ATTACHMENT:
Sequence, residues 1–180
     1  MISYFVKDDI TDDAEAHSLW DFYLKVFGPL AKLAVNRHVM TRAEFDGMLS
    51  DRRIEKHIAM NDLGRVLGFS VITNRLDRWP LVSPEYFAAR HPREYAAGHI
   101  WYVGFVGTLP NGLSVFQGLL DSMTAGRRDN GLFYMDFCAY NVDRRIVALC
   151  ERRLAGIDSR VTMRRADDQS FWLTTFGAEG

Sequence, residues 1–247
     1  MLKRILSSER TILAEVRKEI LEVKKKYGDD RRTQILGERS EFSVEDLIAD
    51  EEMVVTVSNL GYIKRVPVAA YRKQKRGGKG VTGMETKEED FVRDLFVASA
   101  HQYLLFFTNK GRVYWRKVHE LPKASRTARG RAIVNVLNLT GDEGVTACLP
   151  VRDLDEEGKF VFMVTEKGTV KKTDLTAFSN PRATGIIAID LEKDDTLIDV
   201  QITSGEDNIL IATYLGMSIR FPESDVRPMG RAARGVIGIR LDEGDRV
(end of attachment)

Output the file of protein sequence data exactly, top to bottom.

Sequence, residues 1–180
     1  MISYFVKDDI TDDAEAHSLW DFYLKVFGPL AKLAVNRHVM TRAEFDGMLS
    51  DRRIEKHIAM NDLGRVLGFS VITNRLDRWP LVSPEYFAAR HPREYAAGHI
   101  WYVGFVGTLP NGLSVFQGLL DSMTAGRRDN GLFYMDFCAY NVDRRIVALC
   151  ERRLAGIDSR VTMRRADDQS FWLTTFGAEG

Sequence, residues 1–247
     1  MLKRILSSER TILAEVRKEI LEVKKKYGDD RRTQILGERS EFSVEDLIAD
    51  EEMVVTVSNL GYIKRVPVAA YRKQKRGGKG VTGMETKEED FVRDLFVASA
   101  HQYLLFFTNK GRVYWRKVHE LPKASRTARG RAIVNVLNLT GDEGVTACLP
   151  VRDLDEEGKF VFMVTEKGTV KKTDLTAFSN PRATGIIAID LEKDDTLIDV
   201  QITSGEDNIL IATYLGMSIR FPESDVRPMG RAARGVIGIR LDEGDRV